~By Rick Langenberg~
City officials are not going to budge when it comes to more flexibility regarding key life/safety and fire code regulations, even regarding historic homes.
However, if the city council wants to overturn their rulings, that’s their prerogative.
This was one of the themes that emerged from last week’s Cripple Creek City Council meeting, highlighted by an extensive level of public comment.
Issues have arisen dealing with code standards for short-term rental units (STRs), especially when it come into the areas of life and safety rules, and new guidelines
A few residents noted that these could impact several old historic houses, and how difficult it would become to meet certain regulations pertaining to door width and windows. Their concerns resonated with several members of the city council, who explained the age of many homes. With the new STR process, more residents may try to turn old homes into STR vacation units or rentals.
But City Administrator Frank Salvato stood firm on this issue, and made it clear that his staff couldn’t show much leniency regarding rules regarding life/safety issues, such as door width for at least one entrance, and window-related access, in case of a fire.
He cited an instance during his time in Texas when a top official ended up getting incarcerated because they took this action to amend the rules. “We are not going to loosen the codes for life/safety,” said Salvato,
One of the big concerns in this life/safety arena deals with the fact that more homes are going to become short-term rental units, meaning visitors and renters could be impacted. With the new guidelines, potential STR units must comply with certain standards.
That said, Salvato said he had no problem with a property owner trying to appeal a denial before the city council. He said the council could function, in essence, as the appellate court. In fact, last week he halted the public debate with one resident, in case an appeal is filed, and offered to provide the proper information to the property owner to get that process started.
One local resident told the council last that their home could almost resemble a museum and they didn’t want to lose the historic flavor of the community. Some have feared they can’t meet the new standards, and opted for a compromise.
The council has sympathized with these concerns, but they didn’t challenge the city administrator’s explanation at last week’s meeting.
A Good Start For 2023 and Aspen Mine Thank Yous
In other city news, Cripple Creek Finance Director Paul Harris reported some good news regarding casino winnings, with adjusted gross proceeds experiencing a 4.6 percent hike from the same period last year. “We are off to a good start,” said Harris. On the downside, the town’s overall volume of play, referred to as coin-in, was down slightly.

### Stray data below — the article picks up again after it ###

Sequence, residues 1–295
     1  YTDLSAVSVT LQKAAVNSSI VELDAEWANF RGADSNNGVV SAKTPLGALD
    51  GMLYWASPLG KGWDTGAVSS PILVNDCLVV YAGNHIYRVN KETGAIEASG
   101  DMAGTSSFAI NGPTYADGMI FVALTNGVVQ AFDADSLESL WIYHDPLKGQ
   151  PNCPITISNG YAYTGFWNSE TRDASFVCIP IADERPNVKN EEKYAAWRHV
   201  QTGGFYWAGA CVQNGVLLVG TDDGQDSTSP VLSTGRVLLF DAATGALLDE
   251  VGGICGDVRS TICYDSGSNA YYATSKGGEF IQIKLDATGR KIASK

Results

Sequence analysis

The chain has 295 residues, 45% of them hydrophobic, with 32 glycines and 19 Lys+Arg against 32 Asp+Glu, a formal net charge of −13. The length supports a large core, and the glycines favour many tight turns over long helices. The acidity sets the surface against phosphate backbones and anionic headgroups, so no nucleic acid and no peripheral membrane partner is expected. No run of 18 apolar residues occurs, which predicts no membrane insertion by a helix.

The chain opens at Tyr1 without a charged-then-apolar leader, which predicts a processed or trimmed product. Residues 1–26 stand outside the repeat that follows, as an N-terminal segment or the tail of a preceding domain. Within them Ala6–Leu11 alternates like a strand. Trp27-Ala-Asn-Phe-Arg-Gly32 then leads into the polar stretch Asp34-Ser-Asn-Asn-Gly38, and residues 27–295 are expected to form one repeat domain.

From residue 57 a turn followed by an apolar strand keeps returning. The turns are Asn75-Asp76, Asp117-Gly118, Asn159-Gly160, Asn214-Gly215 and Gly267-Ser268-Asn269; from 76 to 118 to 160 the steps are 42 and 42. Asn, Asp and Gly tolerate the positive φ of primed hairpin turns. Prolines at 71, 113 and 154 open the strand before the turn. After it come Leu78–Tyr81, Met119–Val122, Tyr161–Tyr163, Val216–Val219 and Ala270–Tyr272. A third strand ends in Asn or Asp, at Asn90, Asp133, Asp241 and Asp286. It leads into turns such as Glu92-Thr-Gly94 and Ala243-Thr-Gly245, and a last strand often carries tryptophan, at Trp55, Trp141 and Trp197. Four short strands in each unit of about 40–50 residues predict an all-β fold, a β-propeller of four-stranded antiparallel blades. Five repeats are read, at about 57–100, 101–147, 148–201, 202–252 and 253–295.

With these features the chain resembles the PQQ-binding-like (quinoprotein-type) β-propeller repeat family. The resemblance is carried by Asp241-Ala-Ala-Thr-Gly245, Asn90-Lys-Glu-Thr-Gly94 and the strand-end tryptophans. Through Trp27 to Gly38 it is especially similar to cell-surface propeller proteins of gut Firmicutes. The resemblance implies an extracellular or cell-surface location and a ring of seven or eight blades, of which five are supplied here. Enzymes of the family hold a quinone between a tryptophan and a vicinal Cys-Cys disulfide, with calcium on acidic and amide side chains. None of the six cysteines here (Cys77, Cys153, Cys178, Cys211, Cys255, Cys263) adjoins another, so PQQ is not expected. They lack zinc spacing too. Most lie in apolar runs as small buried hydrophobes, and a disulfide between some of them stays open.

Overall, Harris appeared pleased with the latest numbers for January, which usually indicate a slight slump, since they follow the holiday period.
And last week, Ted Borden, executive director of Community of Caring, thanked the community and especially the city of Cripple Creek for the support they showed during the opening of the Aspen Mine West facility, which featured a grand opening ceremony last summer. This facility represented an impressive renovation of a building once housed by the Madame June’s casino.
The city served as the funding agency to help orchestrate a major grant from the state to enable the building to get purchased and turned into part of the Aspen Mine agency.
It now serves as the home for a plethora of community services and social service agencies. It replaces many of the functions that formerly occurred at the Aspen Mine East building, which now serves more as a commodity center and thrift shop.
He complimented the work of several top city officials for making this project a reality. In turn, the city was handed a special plaque, showcasing some amazing art work, for their contributions.
Long-time community leader Mary Bielz also enthusiastically touted the accomplishments of many people in the area. “We are in the trenches to help people,” said Bielz.
The council last week also moved forward on its ambitious bid to plan for close to $10 million in developing better infrastructure to help pave the way for affordable housing. The initial step involves an engineering study to develop better water and sewer lines.
Eventually, the city will expand its wastewater treatment plant. Much of these improvements hinge on grants.